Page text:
A young writer goes to Wiesbaden to write about gambling and gamblers, only to ultimately become a compulsive gambler himself. Losing all his wealth, as well as his moral fibre, he commits ...
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In Brooklyn, fishing is the hobby of the workers Jonah Goodwin and Olaf Johnson and they use to fish every night in their old boat. Jonah's daughter is the twenty-one year-old telephone ... See full summary »
Lowly hotel clerk Matthew Welch stumbles unto a chance to go on a date with supermodel Hexina by pretending he is someone else. But something goes wrong on the date, she tries to kill him! ... See full summary »
Hazari Pal lives in a small village in Bihar, India, with his dad, mom, wife, Kamla, daughter, Amrita, and two sons, Shambhu and Manooj. As the Pal are unable to repay the loan they had ... See full summary »
Robert Altman's jazz-scored film explores themes of love, crime, race, and politics in 1930s Kansas City. When Blondie O'Hara's husband, a petty thief, is captured by Seldom Seen and held ... See full summary »
Jennifer Jason Leigh,
Quiet, organised Dr Talbot meets nightclub singer Nora Prentiss when she is slightly hurt in a street accident. Despite her misgivings they become heavily involved and Talbot finds he is ... See full summary »
A young writer goes to Wiesbaden to write about gambling and gamblers, only to ultimately become a compulsive gambler himself. Losing all his wealth, as well as his moral fibre, he commits the ultimate degradation of robbing a church poor box in order to feed his compulsion. Written by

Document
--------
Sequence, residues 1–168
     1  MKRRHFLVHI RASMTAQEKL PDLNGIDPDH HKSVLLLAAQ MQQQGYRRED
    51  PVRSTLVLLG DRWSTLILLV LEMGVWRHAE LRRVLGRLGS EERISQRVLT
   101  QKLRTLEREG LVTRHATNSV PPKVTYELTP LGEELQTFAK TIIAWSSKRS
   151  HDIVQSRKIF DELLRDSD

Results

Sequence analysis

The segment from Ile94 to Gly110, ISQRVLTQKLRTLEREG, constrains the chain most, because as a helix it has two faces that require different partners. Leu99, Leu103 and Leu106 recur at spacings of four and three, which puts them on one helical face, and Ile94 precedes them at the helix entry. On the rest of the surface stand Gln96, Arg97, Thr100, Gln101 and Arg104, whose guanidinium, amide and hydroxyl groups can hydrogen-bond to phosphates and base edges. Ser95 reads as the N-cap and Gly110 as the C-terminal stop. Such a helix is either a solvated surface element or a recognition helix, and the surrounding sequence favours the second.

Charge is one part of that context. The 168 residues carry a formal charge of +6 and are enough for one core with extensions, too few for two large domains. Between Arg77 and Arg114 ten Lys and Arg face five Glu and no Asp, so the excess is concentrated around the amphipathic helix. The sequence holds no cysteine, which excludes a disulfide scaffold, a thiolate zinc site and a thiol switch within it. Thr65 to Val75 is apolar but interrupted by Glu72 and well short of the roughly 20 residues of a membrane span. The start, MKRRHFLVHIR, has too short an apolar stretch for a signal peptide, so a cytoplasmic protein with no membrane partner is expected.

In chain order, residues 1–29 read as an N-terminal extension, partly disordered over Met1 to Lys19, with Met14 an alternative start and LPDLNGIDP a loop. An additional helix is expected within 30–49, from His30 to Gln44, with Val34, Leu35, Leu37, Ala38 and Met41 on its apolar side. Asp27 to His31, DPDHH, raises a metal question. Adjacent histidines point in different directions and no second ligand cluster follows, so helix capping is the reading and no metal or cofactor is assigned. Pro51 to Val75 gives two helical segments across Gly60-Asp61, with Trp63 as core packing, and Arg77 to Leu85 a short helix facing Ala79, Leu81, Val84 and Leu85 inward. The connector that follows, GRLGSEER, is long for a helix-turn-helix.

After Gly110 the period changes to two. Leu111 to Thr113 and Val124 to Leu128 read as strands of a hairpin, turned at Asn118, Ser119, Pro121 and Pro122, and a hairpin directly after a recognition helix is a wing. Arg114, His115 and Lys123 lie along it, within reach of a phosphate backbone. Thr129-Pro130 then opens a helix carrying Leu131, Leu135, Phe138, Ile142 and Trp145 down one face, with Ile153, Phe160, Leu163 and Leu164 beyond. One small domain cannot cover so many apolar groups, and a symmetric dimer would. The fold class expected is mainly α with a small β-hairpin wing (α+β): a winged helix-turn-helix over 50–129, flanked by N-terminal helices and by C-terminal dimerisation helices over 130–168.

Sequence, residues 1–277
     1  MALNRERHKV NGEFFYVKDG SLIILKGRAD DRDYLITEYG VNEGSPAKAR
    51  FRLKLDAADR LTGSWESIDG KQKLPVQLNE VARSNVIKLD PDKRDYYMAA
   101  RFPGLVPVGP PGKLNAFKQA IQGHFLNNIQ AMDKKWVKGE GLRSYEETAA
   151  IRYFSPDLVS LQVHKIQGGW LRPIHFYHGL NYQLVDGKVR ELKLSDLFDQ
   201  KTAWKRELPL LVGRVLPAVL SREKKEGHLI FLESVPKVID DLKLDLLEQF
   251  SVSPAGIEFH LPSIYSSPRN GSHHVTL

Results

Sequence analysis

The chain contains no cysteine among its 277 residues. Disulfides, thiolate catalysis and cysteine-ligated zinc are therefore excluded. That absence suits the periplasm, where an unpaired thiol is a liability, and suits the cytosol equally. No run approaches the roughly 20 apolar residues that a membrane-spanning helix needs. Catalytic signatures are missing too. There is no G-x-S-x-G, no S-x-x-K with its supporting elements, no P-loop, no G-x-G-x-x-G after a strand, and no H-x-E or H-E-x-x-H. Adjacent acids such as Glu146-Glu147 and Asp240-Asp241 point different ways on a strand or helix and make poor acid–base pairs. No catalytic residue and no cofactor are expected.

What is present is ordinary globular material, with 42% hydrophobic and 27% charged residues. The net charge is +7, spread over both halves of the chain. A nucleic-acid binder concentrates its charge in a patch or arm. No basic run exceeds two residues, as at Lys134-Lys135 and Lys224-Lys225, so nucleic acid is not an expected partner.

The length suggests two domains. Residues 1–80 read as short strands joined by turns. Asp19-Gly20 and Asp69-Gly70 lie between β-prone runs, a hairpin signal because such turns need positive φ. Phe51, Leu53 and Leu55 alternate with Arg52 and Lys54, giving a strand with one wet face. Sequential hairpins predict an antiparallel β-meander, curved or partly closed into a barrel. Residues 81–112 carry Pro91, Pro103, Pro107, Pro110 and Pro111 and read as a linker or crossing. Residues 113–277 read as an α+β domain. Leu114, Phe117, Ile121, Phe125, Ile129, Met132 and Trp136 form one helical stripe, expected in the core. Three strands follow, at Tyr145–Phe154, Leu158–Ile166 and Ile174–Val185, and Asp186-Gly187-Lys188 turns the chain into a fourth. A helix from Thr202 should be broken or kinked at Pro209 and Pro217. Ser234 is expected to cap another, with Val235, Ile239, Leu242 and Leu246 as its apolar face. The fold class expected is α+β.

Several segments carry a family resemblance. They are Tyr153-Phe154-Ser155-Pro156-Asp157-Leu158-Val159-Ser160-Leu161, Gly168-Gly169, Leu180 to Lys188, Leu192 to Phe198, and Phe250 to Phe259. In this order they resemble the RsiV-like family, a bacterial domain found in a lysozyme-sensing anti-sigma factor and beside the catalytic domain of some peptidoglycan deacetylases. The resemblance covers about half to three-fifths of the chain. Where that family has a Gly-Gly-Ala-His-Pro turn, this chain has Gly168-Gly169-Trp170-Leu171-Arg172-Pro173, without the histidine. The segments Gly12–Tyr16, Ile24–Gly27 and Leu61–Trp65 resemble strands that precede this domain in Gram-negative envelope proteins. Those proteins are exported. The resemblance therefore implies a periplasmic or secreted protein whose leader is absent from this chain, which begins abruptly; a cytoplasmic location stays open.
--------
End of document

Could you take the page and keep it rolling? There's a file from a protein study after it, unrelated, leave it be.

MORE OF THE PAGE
Deborah Kerr was initially scheduled to co-star with Peck. Then Lana Turner was slotted for the role, and then withdrawn from the production due to her extended European honeymoon with Henry J. Tipping. Finally, Ava Gardner was cast. See more »
On numerous occasions during the long Roulette game when the "No more bets" call is made, the wheel is shown to be turning pretty slowly; yet immediately afterwards as the ball is getting ready to drop into the slot, the wheel is suddenly turning much more rapidly. See more »
I think a lot of people are looking at this movie like the Twilight Zone episode called "The Fever." They want a short little story about gambling addiction, The End.
I prefer to look at this movie like a "Shakespeare in Love" for Dostoevsky. It has so many little hints about his faith, seizures, and influences on his books. A fan of all his works will catch the obvious inferences (like the ax and the pawn shop, and the scenes straight out of the Gambler). But there are a lot of subtle references to the Idiot and the Brothers Karamizov. The title "The Great Sinner" is a reference to Dostoevsky's planned final works (which included the Bros. K.) but he was unable to finish it. Anyone who is put off by the "heavy handed" religious message of the film obviously has no idea how religious Dostoevsky was. His books are full of redemption by Christ. I think this movie was great. Peck played the part very well. He wasn't supposed to be Alexi from the novel, he is the author. The gambling scenes are intense enough to turn your stomach.
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